Steve

Thread: Please don't do aYahoo!
31/08/2013 12:06:00

I vaguely recall Yahoo did a major change quite a few years ago. That change had everyone up in arms and calling for a lynching.

The new format is ok, you will get used to it and soon forget the OLD ways. Unuseable and worthless, I don't think so.

Time to move on guys and deal with the new 'free' situation. Embrace the NEW format because it aint going away.

Steve

Thread: Highest temperature
21/07/2013 20:12:21

Patio - 18c

Carport - 18c

Workshop - 18c

Kitchen - 18c

Thermometer buggered.

Steve

Thread: Chronos?
21/06/2013 22:13:38

Considering the amount of indidual items they despatch each week it is inevitable things will not go according to plan once in a while. I consider Chronos to be a reputable firm with decent people working for them, and I am sure they always aim to see the customer right. I've had a couple of minor problems over the years, but polite communication has always ended in a resolved situation to satisfaction. (Usual no ties etc)

Steve

Thread: Which is better, 2 big or 4 small? (Bolts)
05/03/2013 01:32:47

 

 

Edited By Steven Vine on 05/03/2013 01:35:40

Edited By Steven Vine on 05/03/2013 01:37:44

Thread: Dividing Head
16/02/2013 16:51:27

Download the Vertex Pdf here (it is under the 'brochures and manuals' tab) **LINK**

Grizzly **LINK**

and here **LINK**

Steve

Thread: What chance have we got?
13/02/2013 23:37:00

In the late 60's, when I was about 13, I was taught to drive the Unigate electric 3 wheeler milk float and was even allowed to drive out of the back streets and onto the main roads. It was a common thing to let the milk boys drive the floats back then. Happy days. Up yours you health and safety do gooders.

Steve

Thread: Propane Cylinder Size - Choosing
22/05/2010 15:06:43
Hi Les
 
Thanks, I looked at those take off rates as well, and that was when I started to get confused about this. If a 47kg cylinder will only do 34kw, then what the hell do you need for a 43kw burner? I think I am missing something here. Although not recommended by Calor, maybe the 3.9kg cylinder will deliver enough for a 43kw burner, but will go cold and lose pressure, or run out quickly.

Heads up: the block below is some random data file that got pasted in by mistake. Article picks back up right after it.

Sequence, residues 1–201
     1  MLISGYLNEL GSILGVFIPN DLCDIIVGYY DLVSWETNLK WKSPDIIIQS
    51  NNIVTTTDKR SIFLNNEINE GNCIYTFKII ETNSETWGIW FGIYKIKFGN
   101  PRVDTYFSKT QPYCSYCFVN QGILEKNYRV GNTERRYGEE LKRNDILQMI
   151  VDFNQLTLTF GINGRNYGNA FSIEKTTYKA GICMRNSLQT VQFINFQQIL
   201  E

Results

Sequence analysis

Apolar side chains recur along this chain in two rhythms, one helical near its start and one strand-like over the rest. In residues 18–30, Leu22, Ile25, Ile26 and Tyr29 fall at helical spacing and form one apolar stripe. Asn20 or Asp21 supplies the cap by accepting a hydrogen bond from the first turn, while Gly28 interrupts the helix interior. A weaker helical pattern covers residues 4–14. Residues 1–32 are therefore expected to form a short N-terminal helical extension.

I'm now thinking, maybe I will get a 3.9kg cylinder to start with and see if that 10kw burner will do me. If I have to I can then try bigger burners on it and see what happens . If the cylinder proves too small then I can always exchange it for a 13kg.
 
That link was interesting, and lead to some backyard hearth photos with 13kg bottles on a big burner, and what looked like a 3.9kg cyclinder on a 12kw burner. Thanks.
 
Any other comments will be welcomed.
 
Steve
 
 
 
22/05/2010 13:40:01
Thanks Dixie. Prompted by that I rang a local supplier and they do the Calor 3.9kg/6kg/13kg etc. These sizes are listed on the Calor site. Looks like that supplier near you may have chosen not to stock the sizes, or maybe it is not Calor?
21/05/2010 17:50:54
I need some help deciding on the right size propane cylinder to use for general silver soldering jobs in the home workshop.

I will be using the Sievert PMPX kit. I envisage having to use the 4 bar 12kw, 25kw, and 43kw burners at 4 bar on occasion. The first job will be a simple 5 inch copper cornish type boiler. Other jobs are likely to be silvering solder parts, to fist size lumps of mild steel.

I already have a 15kg Butane cylinder. I was hoping to do a direct exchange (without having to buy another agreement) for another Group A Calor cylinder, either the 3.9kg propane or the 13kg propane.I fancy the 3.9kg because it is portable, but was wondering if it is too small and would suffer the inconvenience of quickly running out of gas?.
The 6kg propane cylinder looks ideal, but it is in Group B and requires another one off £30 agreeement charge, so I am discounting that one at the moment. (unless this is THE one to get?)
 
What cyclinder size are you using in your home workshop? What cyclinder size can you recommend? Is the 3.9kg cyclinder too small? Should I get the 6kg size? Is the 13kg overkill?. Have you experienced freezing with the small size cylinder, or the bigger cylinders come to that?
 
Many thanks in anticipation of your reply.
 
Steve